Cookies on this website

We use cookies to ensure that we give you the best experience on our website. If you click 'Accept all cookies' we'll assume that you are happy to receive all cookies and you won't see this message again. If you click 'Reject all non-essential cookies' only necessary cookies providing core functionality such as security, network management, and accessibility will be enabled. Click 'Find out more' for information on how to change your cookie settings.

The mouth, oesophagus, and anus are often involved in dystrophic and junctional epidermolysis bullosa, but the frequency is unknown. Among 246 patients with epidermolysis bullosa, dysphagia developed in 76% of those with recessive dystrophic, in 20% of those with dominant dystrophic, in 15% of those with junctional, and in 2% of those with simplex forms. Lingual adhesions or microstomia occurred in dystrophic epidermolysis bullosa only, but were eight times more common in recessive than in dominant subtypes. These lesions are provoked by the trauma of eating and further reduce food intake, which exacerbates constipation caused by anal blisters and results in malnutrition. Management requires specialised multidisciplinary care.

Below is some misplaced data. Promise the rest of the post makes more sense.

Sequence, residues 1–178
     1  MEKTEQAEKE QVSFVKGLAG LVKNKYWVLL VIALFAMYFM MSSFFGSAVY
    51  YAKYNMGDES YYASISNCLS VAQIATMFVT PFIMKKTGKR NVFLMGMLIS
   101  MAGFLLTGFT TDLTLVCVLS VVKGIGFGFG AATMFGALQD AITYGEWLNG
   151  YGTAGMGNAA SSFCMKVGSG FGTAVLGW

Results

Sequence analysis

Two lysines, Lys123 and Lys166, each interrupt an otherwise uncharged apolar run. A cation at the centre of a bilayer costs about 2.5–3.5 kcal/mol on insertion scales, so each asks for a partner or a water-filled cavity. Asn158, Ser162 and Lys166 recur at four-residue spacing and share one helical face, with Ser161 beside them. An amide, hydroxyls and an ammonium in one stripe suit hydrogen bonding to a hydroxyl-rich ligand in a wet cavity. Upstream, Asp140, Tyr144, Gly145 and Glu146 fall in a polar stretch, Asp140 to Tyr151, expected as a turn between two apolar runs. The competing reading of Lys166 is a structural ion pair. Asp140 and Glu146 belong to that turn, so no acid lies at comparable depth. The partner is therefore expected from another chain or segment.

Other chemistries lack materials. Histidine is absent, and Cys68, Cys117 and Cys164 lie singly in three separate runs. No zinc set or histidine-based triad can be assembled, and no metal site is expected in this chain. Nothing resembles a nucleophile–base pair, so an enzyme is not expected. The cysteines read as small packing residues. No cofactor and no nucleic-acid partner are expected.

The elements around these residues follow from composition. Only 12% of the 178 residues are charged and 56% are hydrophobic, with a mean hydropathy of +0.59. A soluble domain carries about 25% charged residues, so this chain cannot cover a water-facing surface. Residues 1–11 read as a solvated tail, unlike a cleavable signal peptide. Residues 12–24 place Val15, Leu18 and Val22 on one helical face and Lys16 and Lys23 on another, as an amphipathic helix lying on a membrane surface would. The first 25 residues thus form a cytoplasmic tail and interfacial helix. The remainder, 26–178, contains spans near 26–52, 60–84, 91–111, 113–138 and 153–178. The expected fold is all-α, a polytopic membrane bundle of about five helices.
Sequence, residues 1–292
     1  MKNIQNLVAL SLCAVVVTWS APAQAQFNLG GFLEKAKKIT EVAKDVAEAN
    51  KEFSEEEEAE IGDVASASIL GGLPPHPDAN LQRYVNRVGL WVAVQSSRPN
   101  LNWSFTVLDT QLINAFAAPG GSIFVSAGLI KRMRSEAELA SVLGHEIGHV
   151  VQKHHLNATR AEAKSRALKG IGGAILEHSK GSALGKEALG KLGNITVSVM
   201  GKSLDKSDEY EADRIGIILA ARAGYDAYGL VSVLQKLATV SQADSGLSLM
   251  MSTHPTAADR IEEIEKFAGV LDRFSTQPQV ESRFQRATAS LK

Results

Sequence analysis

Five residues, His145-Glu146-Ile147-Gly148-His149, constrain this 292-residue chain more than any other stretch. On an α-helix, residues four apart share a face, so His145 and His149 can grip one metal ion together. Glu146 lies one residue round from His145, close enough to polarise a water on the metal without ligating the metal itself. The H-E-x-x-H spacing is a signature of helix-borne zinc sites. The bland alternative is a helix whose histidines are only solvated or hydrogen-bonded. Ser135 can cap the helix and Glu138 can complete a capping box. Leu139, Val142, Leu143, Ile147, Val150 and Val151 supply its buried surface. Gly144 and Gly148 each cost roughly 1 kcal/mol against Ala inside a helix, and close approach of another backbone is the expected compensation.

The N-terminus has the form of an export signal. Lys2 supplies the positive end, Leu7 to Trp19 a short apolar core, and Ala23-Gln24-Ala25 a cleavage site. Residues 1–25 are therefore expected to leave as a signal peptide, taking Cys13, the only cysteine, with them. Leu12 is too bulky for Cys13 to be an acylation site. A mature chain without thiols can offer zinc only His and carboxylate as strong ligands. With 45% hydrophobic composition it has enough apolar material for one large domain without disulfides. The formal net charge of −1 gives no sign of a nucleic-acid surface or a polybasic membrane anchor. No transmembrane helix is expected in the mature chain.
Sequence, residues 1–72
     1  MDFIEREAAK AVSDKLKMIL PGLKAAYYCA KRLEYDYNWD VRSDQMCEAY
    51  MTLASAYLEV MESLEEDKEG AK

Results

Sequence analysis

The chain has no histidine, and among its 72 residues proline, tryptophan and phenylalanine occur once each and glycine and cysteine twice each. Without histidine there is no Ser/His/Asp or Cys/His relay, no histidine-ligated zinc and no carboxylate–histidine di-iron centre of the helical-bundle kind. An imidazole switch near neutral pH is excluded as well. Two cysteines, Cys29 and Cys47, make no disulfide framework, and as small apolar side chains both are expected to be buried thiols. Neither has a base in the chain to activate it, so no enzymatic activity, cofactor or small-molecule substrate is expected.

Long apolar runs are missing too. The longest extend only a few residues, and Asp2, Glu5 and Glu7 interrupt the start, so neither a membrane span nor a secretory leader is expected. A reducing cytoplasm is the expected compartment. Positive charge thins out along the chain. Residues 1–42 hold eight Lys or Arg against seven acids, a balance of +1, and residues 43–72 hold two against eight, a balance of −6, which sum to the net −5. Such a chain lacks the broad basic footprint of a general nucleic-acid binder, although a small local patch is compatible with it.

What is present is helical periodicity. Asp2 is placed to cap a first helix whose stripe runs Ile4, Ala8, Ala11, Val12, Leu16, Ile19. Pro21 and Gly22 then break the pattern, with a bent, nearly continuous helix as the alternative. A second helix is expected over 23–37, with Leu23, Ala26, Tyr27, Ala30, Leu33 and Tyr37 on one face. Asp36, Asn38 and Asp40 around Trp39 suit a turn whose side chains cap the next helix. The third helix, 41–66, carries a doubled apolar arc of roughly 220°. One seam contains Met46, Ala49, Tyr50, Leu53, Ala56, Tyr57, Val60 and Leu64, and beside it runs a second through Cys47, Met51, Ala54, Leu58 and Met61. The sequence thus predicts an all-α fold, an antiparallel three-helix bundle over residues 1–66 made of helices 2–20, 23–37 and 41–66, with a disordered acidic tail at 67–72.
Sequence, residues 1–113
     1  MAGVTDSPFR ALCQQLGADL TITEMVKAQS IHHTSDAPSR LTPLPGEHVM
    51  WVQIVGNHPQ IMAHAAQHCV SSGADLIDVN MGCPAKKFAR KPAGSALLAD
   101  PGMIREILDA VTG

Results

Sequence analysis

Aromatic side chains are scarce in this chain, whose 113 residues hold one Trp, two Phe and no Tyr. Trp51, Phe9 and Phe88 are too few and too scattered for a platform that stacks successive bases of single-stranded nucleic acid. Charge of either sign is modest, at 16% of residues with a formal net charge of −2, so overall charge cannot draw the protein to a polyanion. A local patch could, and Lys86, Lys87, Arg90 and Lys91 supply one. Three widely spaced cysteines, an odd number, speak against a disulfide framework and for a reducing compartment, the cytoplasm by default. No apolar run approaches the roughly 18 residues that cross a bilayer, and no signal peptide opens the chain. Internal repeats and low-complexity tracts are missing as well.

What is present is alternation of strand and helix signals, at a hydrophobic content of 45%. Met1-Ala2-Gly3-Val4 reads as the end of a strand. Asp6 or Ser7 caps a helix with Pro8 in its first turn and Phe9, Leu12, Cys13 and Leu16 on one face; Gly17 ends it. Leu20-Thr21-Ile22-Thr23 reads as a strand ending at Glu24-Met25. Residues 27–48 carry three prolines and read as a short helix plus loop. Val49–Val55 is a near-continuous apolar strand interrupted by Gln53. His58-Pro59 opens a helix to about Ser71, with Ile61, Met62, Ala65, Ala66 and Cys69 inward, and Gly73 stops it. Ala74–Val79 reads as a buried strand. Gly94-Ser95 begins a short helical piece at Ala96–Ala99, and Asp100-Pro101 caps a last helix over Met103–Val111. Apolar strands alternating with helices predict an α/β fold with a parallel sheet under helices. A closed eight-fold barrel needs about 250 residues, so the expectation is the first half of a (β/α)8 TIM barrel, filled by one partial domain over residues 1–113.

Journal article



Publication Date





1505 - 1506


Adolescent, Adult, Child, Child, Preschool, Deglutition Disorders, Epidermolysis Bullosa, Gastrointestinal Diseases, Humans, Middle Aged, Mouth Diseases